We have no doubt that the concept of a club is a broad one. It can include persons who get together to eat and drink and to sing afterwards, but it certainly is not limited to that. On the other hand, a group of people with a common object may, quite clearly, not constitute a club. A crowd of shoppers trying to get at a counter where a sale is taking place is certainly a group of people with a common object, but we feel sure that even the petitioner would not call such a group a club. We think that the dictionary represents the common concept that there must be some type of mingling of people together, as well as a common object, to constitute that vague think known as a club.
What about Keystone in the light of this general approach? Back in 1911 when the charter was granted, the purpose was stated as 'to maintain a club for social enjoyment, and a club house, and for the comfort, protection and convenience of its members in the pursuit of the pastime of automobiling.' In 1911 there were about 618,000 passenger cars registered in the United States as compared with something more than 33,000,000 in 1948.3 It may well be at that time car owners did club together for their common interests. Whether Keystone ever had a club house the record does not disclose. But there is an interesting indication in one of the recent cases concerning motor clubs that the club of Minneapolis, Minnesota, had and still does maintain a country club house for its members.4
Keystone has quarters where it transacts business. These quarters are not a club house in the sense of being a center of social activity. Nor does Keystone conduct or furnish facilities for conducting any social functions whatever. And so far as 'the pastime of automobiling' is concerned there is nothing to show that Keystone's members, or how many of them, use their cars for the pastime of automobiling. The organization does not check to see whether a member, present or prospective, uses his car commercially or for pleasure only or both. It is difficult for us to think that the 48,010 members of Keystone Automobile Club in 1943 used their cars as a 'pastime.'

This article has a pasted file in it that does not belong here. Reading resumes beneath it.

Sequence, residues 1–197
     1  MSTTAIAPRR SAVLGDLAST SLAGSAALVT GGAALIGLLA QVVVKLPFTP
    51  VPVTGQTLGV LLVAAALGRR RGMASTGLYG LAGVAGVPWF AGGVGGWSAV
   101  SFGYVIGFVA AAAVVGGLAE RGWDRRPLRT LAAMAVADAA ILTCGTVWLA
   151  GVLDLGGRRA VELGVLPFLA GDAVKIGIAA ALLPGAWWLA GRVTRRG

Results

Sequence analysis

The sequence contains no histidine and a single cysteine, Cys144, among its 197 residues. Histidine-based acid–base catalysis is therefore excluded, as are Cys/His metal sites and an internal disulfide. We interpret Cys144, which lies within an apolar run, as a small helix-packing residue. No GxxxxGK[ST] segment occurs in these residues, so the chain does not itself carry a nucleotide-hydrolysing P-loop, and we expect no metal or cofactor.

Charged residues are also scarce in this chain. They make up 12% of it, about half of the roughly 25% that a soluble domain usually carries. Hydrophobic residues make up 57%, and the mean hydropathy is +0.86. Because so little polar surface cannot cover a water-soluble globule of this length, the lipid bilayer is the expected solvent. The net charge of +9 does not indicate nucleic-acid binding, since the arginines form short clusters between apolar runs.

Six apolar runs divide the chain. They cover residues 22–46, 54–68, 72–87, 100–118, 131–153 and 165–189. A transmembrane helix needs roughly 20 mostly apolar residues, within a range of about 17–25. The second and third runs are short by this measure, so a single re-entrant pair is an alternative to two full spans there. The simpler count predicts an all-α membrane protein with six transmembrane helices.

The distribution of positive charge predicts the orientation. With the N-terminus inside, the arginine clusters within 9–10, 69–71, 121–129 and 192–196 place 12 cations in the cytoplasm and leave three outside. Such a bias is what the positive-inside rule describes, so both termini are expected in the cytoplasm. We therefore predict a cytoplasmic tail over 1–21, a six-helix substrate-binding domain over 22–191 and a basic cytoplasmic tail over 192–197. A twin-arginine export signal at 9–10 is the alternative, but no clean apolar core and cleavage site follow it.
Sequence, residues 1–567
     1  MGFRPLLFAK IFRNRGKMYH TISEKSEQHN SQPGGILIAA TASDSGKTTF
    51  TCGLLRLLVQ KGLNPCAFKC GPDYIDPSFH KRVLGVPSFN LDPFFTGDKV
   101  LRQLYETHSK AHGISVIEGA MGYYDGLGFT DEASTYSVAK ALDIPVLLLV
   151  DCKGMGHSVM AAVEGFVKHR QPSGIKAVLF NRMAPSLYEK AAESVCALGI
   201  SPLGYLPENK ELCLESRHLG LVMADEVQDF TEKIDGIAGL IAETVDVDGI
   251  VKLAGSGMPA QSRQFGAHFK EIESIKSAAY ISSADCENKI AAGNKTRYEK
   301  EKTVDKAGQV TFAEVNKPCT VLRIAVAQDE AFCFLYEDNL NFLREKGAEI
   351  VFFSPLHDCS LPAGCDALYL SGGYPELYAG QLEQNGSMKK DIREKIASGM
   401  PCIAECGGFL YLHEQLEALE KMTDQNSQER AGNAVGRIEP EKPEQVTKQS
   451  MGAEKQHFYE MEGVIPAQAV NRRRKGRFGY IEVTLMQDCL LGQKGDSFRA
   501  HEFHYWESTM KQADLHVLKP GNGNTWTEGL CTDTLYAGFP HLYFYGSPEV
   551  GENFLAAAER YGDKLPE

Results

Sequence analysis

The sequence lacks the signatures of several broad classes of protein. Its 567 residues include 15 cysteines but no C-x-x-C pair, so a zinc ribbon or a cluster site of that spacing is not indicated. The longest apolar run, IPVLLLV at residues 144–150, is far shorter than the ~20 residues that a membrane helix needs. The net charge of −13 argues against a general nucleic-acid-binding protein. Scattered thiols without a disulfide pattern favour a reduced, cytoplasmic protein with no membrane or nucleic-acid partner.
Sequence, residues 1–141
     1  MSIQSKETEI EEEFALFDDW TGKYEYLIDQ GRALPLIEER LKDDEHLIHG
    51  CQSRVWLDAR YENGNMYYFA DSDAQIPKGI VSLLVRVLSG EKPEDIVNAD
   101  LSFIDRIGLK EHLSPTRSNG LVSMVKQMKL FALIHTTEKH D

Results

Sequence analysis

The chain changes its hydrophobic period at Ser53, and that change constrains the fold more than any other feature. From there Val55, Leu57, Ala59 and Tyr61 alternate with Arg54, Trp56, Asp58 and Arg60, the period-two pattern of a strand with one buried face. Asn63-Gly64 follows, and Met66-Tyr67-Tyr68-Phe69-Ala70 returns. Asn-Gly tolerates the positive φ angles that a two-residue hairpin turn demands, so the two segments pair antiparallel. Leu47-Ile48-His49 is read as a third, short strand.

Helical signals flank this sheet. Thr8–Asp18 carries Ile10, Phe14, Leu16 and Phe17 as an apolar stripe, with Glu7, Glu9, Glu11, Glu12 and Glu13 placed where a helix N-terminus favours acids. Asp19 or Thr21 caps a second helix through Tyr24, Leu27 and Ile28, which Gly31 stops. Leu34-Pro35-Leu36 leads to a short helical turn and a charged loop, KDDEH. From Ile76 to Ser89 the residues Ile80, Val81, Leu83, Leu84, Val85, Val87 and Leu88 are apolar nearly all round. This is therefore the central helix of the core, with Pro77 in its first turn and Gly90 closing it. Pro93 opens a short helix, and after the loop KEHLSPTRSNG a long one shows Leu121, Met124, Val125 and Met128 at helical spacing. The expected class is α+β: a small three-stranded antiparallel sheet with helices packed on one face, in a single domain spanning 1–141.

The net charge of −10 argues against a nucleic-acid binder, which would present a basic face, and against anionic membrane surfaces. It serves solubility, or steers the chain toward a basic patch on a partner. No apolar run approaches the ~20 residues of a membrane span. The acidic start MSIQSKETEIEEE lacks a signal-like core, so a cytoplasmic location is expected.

The securing of new members for Keystone does not seem to us to be done in a club-like manner. It appears that during the tax year 1943 Keystone paid some $40,000 in commissions to solicitors who had secured persons to join. In other words, here is a type of out and out solicitation, a perfectly legitimate business, but hardly fitting in with the conduct of a club.
We do not see in the evidence shown as to the operation of Keystone and the services performed anything which members do together. There is a provision for an annual meeting and the election of officers. Not without significance is the provision that 25 members constitute a quorum. The other services rendered, which have already been outlined, are no doubt highly valuable and we have no question as to the efficiency of operation. But they are commercial services pure and simple and the fact that people save each other money by employing a common agent from whom to procure these services does not make them club members, even in the loosest sense of that term.
But if we assume that Keystone is a 'club' where do we get as to its exemption under the statute? We have been treated to a good sized dose of so-called canons of construction known as noscitur a sociis and ejusdum generis in connection with the argument. We find them just about as helpful in settling a specific case as those vials of distilled wisdom of the ages containing the phrases 'birds of a feather flock together' and 'a man is known by the company he keeps.' Throwing a vague phrase into law Latin does not make it any more useful in construing a statute.